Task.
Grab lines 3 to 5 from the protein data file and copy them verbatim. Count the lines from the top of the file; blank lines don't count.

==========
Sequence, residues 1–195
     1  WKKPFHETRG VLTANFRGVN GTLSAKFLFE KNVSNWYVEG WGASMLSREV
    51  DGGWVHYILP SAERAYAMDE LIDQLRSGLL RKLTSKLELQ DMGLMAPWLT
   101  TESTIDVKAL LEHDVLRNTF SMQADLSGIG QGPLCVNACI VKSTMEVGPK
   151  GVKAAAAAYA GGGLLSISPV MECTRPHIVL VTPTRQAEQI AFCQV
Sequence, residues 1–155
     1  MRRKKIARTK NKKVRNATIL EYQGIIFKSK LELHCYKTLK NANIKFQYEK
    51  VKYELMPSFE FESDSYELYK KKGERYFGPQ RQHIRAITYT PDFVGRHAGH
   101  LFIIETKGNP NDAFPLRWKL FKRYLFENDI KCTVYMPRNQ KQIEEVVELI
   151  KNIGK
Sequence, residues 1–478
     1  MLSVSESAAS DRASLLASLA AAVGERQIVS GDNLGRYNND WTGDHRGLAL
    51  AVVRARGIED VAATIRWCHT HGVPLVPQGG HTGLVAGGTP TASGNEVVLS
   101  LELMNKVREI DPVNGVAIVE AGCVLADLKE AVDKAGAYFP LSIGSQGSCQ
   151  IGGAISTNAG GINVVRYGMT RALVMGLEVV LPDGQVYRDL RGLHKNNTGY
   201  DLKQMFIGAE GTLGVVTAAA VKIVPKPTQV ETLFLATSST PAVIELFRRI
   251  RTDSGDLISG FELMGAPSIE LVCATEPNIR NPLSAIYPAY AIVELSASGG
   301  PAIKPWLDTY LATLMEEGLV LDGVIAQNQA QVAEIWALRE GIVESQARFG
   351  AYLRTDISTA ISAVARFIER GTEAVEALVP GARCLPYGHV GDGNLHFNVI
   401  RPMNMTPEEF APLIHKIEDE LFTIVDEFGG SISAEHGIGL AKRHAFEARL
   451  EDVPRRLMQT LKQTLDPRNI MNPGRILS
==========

    51  DGGWVHYILP SAERAYAMDE LIDQLRSGLL RKLTSKLELQ DMGLMAPWLT
   101  TESTIDVKAL LEHDVLRNTF SMQADLSGIG QGPLCVNACI VKSTMEVGPK
   151  GVKAAAAAYA GGGLLSISPV MECTRPHIVL VTPTRQAEQI AFCQV